# A property of Poisson process

Let $Y_t$ be a centered Poisson process, why \begin{equation} \lim_{n \to \infty} \sup_{s<t} |n^{-1}Y(ns)| = 0 \qquad a.s. \qquad \forall t\ge 0 \end{equation} This is a fundamental step in the proof of the law of large number for continuous time Markov Chain. I'm following the proof on the book by Ethier and Kurtz but they don't explain, or show, the previous statement.

• Could you give a page number from Ethier and Kurtz? I'd like to take a look. – user940 Dec 16 '15 at 12:57
• @ByronSchmuland Sure. The page is 456, Chap. 11, theorem 2.1 and my question is relative to the equation (2.5). Thanks. – andreasvr Dec 16 '15 at 13:22
• I have sketched a solution without checking the details. Let me know if you have any questions. – user940 Dec 16 '15 at 15:33

## 1 Answer

Define $M_{n}(s)={Y(ns)\over n}={1\over n}(N(ns)-\lambda ns),$ where $N$ is a Poisson process with parameter $\lambda$. Then $M_n$ is a martingale, so by Doob's maximal inequality with $p=4$, we have $$\mathbb{E}\left(\sup_{0\leq s\leq t} M^4_n(s)\right)\leq c\,\mathbb{E}(M^4_n(t))\leq {c\,(\lambda n t)^2\over n^4}\leq {c\over n^2}.\tag1$$ We use the fact that the normalized fourth moment of a Poisson distribution with mean $\mu$ is bounded above by a constant times $\mu^2$.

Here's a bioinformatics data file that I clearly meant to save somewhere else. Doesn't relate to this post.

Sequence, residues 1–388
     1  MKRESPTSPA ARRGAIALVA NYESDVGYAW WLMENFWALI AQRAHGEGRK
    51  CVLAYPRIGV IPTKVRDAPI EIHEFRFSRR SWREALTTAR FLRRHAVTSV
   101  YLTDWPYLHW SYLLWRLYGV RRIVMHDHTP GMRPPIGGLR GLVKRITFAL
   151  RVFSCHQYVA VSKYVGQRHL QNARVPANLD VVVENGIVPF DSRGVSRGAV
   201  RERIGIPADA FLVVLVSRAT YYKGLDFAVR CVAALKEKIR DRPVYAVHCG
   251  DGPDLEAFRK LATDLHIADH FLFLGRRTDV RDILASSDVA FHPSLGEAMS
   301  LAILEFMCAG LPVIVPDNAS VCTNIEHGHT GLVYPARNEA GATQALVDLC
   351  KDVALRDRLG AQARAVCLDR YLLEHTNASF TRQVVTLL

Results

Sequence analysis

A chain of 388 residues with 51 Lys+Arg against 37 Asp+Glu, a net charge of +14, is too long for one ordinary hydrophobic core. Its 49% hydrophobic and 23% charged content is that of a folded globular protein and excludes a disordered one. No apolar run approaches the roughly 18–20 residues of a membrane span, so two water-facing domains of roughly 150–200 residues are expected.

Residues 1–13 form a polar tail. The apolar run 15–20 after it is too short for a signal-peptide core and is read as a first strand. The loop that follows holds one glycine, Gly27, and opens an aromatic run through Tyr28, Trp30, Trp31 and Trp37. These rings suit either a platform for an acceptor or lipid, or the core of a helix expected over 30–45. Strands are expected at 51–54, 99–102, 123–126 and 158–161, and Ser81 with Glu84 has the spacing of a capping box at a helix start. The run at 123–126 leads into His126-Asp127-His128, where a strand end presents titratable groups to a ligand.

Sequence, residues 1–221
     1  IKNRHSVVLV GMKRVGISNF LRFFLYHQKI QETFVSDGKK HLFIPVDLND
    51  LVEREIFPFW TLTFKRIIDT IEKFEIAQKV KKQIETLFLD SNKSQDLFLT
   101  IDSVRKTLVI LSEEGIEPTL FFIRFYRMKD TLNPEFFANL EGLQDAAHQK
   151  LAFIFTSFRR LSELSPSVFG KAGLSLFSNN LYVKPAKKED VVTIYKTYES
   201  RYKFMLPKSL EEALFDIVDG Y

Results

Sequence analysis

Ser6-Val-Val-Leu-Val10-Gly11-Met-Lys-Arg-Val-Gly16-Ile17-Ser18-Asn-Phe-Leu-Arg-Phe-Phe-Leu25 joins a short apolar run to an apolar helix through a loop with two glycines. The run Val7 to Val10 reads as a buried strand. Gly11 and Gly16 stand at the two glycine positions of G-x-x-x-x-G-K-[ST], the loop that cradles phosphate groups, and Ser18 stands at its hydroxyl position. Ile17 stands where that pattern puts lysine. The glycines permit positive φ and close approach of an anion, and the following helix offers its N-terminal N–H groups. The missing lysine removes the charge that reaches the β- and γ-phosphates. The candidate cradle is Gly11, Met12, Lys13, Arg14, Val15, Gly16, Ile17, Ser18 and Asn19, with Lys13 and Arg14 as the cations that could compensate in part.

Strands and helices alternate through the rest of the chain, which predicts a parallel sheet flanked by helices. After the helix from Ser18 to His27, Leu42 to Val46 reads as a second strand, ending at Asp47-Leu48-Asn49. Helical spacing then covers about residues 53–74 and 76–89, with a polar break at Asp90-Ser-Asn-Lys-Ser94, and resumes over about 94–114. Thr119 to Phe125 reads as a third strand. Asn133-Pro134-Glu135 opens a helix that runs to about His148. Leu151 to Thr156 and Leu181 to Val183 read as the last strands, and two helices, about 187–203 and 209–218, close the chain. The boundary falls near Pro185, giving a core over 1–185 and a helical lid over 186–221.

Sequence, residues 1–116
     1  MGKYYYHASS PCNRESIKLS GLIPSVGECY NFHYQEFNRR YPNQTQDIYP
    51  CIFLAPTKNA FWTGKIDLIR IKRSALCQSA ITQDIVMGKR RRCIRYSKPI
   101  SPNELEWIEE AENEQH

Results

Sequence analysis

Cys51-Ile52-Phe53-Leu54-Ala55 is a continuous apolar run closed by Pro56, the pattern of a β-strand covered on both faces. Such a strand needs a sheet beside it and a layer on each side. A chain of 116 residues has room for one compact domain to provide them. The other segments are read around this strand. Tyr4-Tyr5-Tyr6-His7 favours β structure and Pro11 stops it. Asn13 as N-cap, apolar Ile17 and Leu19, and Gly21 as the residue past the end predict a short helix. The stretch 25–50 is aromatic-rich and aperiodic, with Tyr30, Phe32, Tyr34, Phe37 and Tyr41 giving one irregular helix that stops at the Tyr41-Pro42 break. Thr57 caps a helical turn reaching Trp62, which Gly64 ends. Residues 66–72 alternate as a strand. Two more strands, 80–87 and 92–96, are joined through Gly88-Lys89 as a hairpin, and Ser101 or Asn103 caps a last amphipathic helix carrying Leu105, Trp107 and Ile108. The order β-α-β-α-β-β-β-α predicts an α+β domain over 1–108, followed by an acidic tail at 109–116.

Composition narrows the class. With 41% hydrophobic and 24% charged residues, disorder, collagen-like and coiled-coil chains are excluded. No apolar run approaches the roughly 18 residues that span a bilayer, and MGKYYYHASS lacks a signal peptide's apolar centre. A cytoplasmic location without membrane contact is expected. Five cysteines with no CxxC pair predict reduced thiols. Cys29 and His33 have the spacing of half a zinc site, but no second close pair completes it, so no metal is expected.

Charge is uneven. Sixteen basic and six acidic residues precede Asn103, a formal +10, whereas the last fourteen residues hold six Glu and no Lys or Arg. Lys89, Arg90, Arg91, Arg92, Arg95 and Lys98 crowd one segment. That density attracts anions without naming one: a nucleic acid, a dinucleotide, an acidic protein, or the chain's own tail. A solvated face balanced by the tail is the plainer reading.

Since the right hand side of (1) is summable, we get $\sum_{n=1}^\infty \mathbb{E}\left(\sup_{0\leq s\leq t} M^4_n(s)\right)<\infty,$ so

$$\sum_{n=1}^\infty \,\sup_{0\leq s\leq t} M^4_n(s) <\infty\quad \mbox{ almost surely},$$ which implies $$\sup_{0\leq s\leq t} M_n(s)\to 0 \quad \mbox{ almost surely}.$$

• Thank you for your attention. And sorry but i'm not able to understand the step in equation (1)...How do you use the inequality that you linked? there is a lot of confusion in literature about what is the Doob or the maximal inequality...I usually call Doob inequality $\mathbb{E}(\sup X_n) \le (\frac{p}{p-1})^p \sup \mathbb{E}[X_n]$...and also, sorry for the question but the mean of this process isn't 0? it is centered! And I can't see how the sum implies the last equation. – andreasvr Dec 16 '15 at 16:20
• The mean is zero, but not the mean of the fourth power. – user940 Dec 16 '15 at 17:09
• @andreasvr See math.stackexchange.com/questions/1530776/… but with 4th power instead of 2nd – user940 Dec 16 '15 at 18:17
• one last question: why works the last inequality? It has to be $(\lambda t)^2 \le 1$...but I didn't how to prove it or how I can conclude. And how I can find the proof that the fourth moment is bounded by a constant times the mean to the second power? – andreasvr Dec 17 '15 at 10:05
• @andreasvr You shouldn't take the constant $c$ literally. It is different each time that $c$ is used. This is a standard mathematical shortcut. If you don't like this, just replace $c$ above with $c_1, c_2, c_3$. – user940 Dec 17 '15 at 13:20